Motivations are feelings or ideas that cause us to act toward a goal. There are four basic theories of motivation: instinct (evolutionary) theory, drive-reduction theory, arousal theory, and incentive theory.
Instinct theory refers to Darwin's influence that our genes incline us to act in ways that increases our change of survival. In other words, we behave a certain way because of our genetic composition. For example, whenever I'm in the car with my mom and she's makes turn quickly before a car passes by; I try to protect myself by raising my hands over my face. Even though my hands over my face wouldn't help if we were to get into an accident, I still unconsciously raise them. Psychologist who believe in the instinct theory would say that there is a predispose reason for me to have risen my hands, which would enhance my change of survival.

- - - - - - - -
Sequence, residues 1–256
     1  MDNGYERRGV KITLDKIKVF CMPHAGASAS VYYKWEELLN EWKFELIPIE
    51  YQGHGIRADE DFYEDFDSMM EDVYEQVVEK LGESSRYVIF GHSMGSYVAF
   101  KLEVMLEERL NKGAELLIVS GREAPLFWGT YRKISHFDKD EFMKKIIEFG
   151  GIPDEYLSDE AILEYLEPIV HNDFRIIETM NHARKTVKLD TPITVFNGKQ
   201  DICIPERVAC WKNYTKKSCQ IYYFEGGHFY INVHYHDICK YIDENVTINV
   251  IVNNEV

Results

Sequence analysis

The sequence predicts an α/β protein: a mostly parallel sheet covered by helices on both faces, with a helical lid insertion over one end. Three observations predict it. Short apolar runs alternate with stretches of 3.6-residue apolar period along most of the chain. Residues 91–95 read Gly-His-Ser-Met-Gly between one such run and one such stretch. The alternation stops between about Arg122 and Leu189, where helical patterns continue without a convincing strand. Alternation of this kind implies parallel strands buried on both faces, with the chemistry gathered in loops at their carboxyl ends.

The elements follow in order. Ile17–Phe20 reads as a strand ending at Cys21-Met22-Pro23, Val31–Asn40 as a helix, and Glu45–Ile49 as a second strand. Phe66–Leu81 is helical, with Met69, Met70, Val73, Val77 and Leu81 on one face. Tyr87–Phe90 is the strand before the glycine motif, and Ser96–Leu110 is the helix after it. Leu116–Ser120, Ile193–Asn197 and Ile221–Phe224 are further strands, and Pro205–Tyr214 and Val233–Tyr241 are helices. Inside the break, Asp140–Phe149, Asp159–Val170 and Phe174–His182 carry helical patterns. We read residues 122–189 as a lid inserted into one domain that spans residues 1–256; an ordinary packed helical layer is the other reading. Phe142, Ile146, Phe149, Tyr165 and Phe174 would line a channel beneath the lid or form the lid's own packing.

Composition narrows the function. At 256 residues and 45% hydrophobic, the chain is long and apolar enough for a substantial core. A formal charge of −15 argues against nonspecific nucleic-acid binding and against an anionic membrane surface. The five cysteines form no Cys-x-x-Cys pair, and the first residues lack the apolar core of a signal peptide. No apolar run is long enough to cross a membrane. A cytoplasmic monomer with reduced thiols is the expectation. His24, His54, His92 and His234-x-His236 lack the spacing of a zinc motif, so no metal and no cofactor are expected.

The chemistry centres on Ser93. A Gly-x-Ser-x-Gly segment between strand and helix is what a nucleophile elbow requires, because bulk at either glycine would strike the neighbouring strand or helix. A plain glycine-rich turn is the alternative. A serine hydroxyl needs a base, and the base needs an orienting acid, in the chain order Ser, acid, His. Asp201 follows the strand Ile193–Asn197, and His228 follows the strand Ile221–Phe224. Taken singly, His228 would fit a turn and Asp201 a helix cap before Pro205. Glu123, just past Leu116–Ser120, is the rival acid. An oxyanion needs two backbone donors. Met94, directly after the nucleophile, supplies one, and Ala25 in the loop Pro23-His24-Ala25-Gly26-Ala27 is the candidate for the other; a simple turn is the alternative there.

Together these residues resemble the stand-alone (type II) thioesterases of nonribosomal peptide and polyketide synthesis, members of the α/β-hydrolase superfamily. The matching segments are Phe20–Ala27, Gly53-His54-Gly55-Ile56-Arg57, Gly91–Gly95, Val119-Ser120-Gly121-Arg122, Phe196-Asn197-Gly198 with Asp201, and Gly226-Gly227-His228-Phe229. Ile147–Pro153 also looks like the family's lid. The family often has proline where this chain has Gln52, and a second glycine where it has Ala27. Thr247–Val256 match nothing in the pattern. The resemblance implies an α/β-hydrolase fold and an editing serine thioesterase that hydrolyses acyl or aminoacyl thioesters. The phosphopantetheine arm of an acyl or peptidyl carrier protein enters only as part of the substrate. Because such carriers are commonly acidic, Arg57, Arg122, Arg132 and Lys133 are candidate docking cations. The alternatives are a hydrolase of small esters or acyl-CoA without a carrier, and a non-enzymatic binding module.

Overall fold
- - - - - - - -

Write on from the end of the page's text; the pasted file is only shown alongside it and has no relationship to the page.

Drive-reduction theory refers to that our behavior is motivated by biological needs. An example of this is food. Whenever we are hunger, our body doesn't achieve homeostasis, or a balanced internal state. This is because our body is craving for some food, which means it is lacking something. This unbalanced internal state creates a need; whether it's heat, water, or food. For instance, whenever I'm hungry in school, I sometimes buy some candy from someone who is selling it. The need for food would be my primary drive. In order to achieve my primary drive, I would need money to pay for the candy, which would be my secondary drive.
Arousal theory refers to our tendency to seek for an optimum level of excitement. Each person has a different level of excitement. For some, they need little excitement to be motivated, for other it's different. In addition, most people do...